L.A. and CA Leaders Praise Federal Infrastructure Funding On the Way

Representative Karen Bass speaking at today's press event. Behind her are: Glendale Councilmember Ara Najarian, L.A. Councilmember Curren Price, Congressmember Lucille Roybal-Allard, Mayor Eric Garcetti, CalSTA Secretary David Kim, L.A. Councilmember Marqueece Harris-Dawson, and Metro CEO Stephanie Wiggins. Photos by Joe Linton/Streetsblog L.A.
Representative Karen Bass speaking at today's press event. Behind her are: Glendale Councilmember Ara Najarian, L.A. Councilmember Curren Price, Congressmember Lucille Roybal-Allard, Mayor Eric Garcetti, CalSTA Secretary David Kim, L.A. Councilmember Marqueece Harris-Dawson, and Metro CEO Stephanie Wiggins. Photos by Joe Linton/Streetsblog L.A.

At a South Los Angeles press conference this afternoon, Los Angeles and California leaders expressed their enthusiasm for the recently-approved federal bipartisan infrastructure bill. The event was hosted by Congressmembers Karen Bass and Lucille Roybal-Allard, alongside California State Transportation Agency (CalSTA) Secretary David Kim, L.A. Mayor Eric Garcetti, Glendale City Councilman Ara Najarian, Metro CEO Stephanie Wiggins, and L.A. City Councilmembers Curren Price and Marqueece Harris-Dawson. The site, a former rail right-of-way along Slauson Avenue, was chosen for today’s event, as it is where Metro will soon be building the Rail to River multi-use walk/bike path.

The exact breakdown of the $1.2 trillion Bipartisan Infrastructure Law, now called “BIL,” is difficult to get one’s head around, but some details are clear. Much of the federal infrastructure funding will be allocated via competitive federal grant programs, so those dollar amounts cannot be determined in advance. But a lot of the funding is distributed via “formula” – ie: distributed to states largely based on population – and those amounts are fairly clear.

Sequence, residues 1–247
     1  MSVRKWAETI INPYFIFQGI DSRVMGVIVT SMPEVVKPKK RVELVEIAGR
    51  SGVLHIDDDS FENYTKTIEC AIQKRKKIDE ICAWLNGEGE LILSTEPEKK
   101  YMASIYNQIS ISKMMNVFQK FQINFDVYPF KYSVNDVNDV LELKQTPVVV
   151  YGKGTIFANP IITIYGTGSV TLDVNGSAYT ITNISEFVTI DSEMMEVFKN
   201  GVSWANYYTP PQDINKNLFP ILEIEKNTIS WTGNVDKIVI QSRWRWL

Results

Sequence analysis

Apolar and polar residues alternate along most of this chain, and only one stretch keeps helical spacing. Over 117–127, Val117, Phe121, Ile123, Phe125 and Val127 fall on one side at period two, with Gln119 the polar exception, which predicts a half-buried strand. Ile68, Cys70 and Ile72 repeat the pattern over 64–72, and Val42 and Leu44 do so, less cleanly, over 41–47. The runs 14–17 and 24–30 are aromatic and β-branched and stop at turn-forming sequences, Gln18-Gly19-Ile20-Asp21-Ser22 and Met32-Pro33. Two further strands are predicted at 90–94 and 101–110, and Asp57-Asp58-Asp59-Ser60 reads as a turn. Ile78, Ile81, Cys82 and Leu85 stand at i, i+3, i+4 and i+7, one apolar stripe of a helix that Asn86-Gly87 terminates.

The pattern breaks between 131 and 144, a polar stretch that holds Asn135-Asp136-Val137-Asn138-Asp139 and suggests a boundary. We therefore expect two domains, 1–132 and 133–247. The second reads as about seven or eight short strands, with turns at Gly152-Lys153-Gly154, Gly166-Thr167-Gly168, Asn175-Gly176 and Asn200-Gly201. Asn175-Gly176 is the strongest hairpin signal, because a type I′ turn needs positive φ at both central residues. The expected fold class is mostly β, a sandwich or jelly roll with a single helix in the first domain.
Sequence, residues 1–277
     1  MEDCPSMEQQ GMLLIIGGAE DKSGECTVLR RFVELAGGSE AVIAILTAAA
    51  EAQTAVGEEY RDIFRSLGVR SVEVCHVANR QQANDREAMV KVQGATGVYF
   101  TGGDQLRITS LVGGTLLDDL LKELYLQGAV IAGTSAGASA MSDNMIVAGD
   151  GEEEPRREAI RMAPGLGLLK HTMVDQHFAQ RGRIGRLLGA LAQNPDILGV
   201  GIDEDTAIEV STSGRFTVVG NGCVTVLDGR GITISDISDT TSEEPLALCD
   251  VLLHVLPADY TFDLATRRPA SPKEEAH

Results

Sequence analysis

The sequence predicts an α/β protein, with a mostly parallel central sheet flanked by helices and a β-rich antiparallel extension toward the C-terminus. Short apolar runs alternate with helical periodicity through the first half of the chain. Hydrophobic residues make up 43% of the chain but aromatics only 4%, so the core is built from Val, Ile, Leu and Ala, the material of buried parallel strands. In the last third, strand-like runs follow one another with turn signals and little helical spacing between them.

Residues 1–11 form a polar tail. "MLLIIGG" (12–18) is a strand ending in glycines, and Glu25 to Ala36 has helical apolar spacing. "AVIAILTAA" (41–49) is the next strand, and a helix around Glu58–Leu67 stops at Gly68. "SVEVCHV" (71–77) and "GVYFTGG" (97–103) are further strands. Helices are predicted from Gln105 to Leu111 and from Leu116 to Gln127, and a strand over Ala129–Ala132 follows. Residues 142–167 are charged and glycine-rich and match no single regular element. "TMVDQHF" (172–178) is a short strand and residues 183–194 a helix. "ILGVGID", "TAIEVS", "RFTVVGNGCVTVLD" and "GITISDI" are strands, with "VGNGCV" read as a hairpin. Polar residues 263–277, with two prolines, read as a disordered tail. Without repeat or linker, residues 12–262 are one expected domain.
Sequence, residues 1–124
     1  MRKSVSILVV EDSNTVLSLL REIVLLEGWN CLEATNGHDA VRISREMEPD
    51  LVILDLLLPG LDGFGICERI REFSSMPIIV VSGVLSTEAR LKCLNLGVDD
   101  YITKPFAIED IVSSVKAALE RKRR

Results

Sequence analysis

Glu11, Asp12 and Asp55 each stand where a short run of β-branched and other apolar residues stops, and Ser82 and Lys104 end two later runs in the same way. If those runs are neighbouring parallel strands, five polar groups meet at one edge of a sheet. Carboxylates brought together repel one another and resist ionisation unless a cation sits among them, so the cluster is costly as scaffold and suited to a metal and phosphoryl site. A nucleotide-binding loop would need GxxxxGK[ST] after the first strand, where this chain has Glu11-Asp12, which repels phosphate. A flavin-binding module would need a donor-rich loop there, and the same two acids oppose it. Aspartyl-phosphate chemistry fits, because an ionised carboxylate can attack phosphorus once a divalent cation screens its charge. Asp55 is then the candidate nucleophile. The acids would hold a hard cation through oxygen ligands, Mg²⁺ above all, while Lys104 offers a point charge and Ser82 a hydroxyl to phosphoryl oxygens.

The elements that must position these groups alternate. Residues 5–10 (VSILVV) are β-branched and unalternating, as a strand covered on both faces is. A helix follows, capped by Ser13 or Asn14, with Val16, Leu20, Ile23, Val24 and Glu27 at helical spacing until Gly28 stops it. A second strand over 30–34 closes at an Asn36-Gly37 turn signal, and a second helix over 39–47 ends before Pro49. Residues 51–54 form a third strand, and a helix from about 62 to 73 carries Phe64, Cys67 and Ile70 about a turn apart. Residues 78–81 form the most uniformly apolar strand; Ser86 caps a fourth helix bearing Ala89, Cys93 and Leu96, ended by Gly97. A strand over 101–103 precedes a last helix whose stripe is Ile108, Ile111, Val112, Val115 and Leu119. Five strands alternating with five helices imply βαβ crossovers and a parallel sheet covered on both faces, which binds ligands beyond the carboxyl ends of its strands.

Streetsblog California has a breakdown of much of California’s formula funding: ~$29.5 billion for highways and bridges, ~$10.3 billion for public transportation, ~$179 million for traffic safety programs, and more. All of these formula figures are over the next five years.

Representative Bass called the BIL a “once in a generation” opportunity for projects from roads to bridges to transit and community-driven facilities like Metro’s Rail to River path. Bass emphasized provisions she authored to ensure that the project could target hiring local residents. Representative Roybal-Allard stated that long overdue infrastructure investments would go to “reliable transportation services” for her district which she noted had high levels of transit-dependent residents.

Secretary Kim emphasized California’s commitment to multi-modal transportation, stating that California would receive $40 billion in formula funds that will be used beyond just roads and bridges, for “more walking and biking options,” and to “accelerate [California’s] transition to sustainable transportation” including to “reduce dependence on driving” and “reduce VMT [vehicle miles traveled.]” Kim also touted federal infrastructure investments in CA public transit – including about $10 billion in formula funds, plus grants for zero-emission buses, and more. He also touched on massive federal funding for inter-city passenger rail, including California High-Speed Rail, which will “someday connect high-speed rail to L.A. Union Station” – plus funding for other rail upgrades throughout the state.

Metro representatives – Garcetti, Najarian, and Wiggins – emphasized that Metro’s sales tax measures have put the agency in a good position to secure competitive grant funding for, in Wiggins estimation, “15 projects totaling over $6 billion” including the West Santa Ana Branch rail, Sepulveda rail, the Eastside Gold Line extension, and more.

Councilmembers Price and Harris Dawson both spoke of the benefits anticipated Rail to River path – as well as the importance of local hire to truly bring project benefits to underserved communities.

Like all too many transportation projects, Rail to River has experienced some delays, largely due to escalating construction costs. Though some soil remediation work is underway, Slauson’s former rail right of way remains a muddy vacant lot with big infrastructure dreams.

The site of today's press event and the future Rail to River path
The site of today’s press event and the future Rail to River path

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